California education officials have dropped out of a group of a dozen states that had organized around the need to develop a new English-language-proficiency assessment that will measure the language demands of the Common Core State Standards.
The state had planned to be part of ELPA 21—or the English Language Proficiency Assessment for the 21st Century consortium—which is led by Oregon and funded by a $6.3 million grant from the U.S. Department of Education. California’s inclusion in the consortium was significant because the state’s public schools educate 1.4 million English-language learners, more than any other state.
State education officials said they did not want to halt the momentum they have created by recently adopting their own English-language-development standards. One condition in the ELPA 21 agreement was that all member states would have to adopt the same English-language-development standards by next fall.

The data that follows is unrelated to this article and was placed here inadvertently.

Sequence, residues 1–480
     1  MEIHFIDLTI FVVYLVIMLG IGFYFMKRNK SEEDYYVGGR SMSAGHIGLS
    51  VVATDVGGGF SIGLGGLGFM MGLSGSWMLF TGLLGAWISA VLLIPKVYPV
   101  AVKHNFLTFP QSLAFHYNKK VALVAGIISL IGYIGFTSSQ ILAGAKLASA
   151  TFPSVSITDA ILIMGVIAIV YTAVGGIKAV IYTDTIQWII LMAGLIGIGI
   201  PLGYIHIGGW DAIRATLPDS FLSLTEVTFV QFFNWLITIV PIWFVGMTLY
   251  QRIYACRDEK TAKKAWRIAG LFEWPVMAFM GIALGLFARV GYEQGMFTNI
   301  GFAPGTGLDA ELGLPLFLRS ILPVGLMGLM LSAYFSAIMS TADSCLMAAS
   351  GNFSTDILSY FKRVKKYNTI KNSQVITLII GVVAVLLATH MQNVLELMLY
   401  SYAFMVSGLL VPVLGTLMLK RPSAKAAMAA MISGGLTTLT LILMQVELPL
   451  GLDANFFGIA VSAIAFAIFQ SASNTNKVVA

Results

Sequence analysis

Tennessee has also declined to sign the agreement for undisclosed reasons. Other states in the group include Arkansas, Florida, Iowa, Kansas, Louisiana, Nebraska, Ohio, South Carolina, Washington, and West Virginia. Oregon’s key nonstate partners in the project are Stanford University and the Council of Chief State School Officers.
A version of this article appeared in the February 20, 2013 edition of Education Week as California Drops Out of ELL Test Consortium